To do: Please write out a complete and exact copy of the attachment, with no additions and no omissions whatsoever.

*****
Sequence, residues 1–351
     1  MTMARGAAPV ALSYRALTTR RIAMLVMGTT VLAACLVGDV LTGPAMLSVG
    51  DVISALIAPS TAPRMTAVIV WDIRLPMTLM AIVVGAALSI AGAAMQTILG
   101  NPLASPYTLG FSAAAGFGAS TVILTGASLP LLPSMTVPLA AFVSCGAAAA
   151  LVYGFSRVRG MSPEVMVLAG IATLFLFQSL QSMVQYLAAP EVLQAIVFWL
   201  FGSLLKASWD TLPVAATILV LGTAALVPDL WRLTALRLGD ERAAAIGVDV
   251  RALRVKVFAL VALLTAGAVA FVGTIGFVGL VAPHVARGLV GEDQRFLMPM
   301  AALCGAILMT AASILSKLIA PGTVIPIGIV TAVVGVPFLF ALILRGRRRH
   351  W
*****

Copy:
Sequence, residues 1–351
     1  MTMARGAAPV ALSYRALTTR RIAMLVMGTT VLAACLVGDV LTGPAMLSVG
    51  DVISALIAPS TAPRMTAVIV WDIRLPMTLM AIVVGAALSI AGAAMQTILG
   101  NPLASPYTLG FSAAAGFGAS TVILTGASLP LLPSMTVPLA AFVSCGAAAA
   151  LVYGFSRVRG MSPEVMVLAG IATLFLFQSL QSMVQYLAAP EVLQAIVFWL
   201  FGSLLKASWD TLPVAATILV LGTAALVPDL WRLTALRLGD ERAAAIGVDV
   251  RALRVKVFAL VALLTAGAVA FVGTIGFVGL VAPHVARGLV GEDQRFLMPM
   301  AALCGAILMT AASILSKLIA PGTVIPIGIV TAVVGVPFLF ALILRGRRRH
   351  W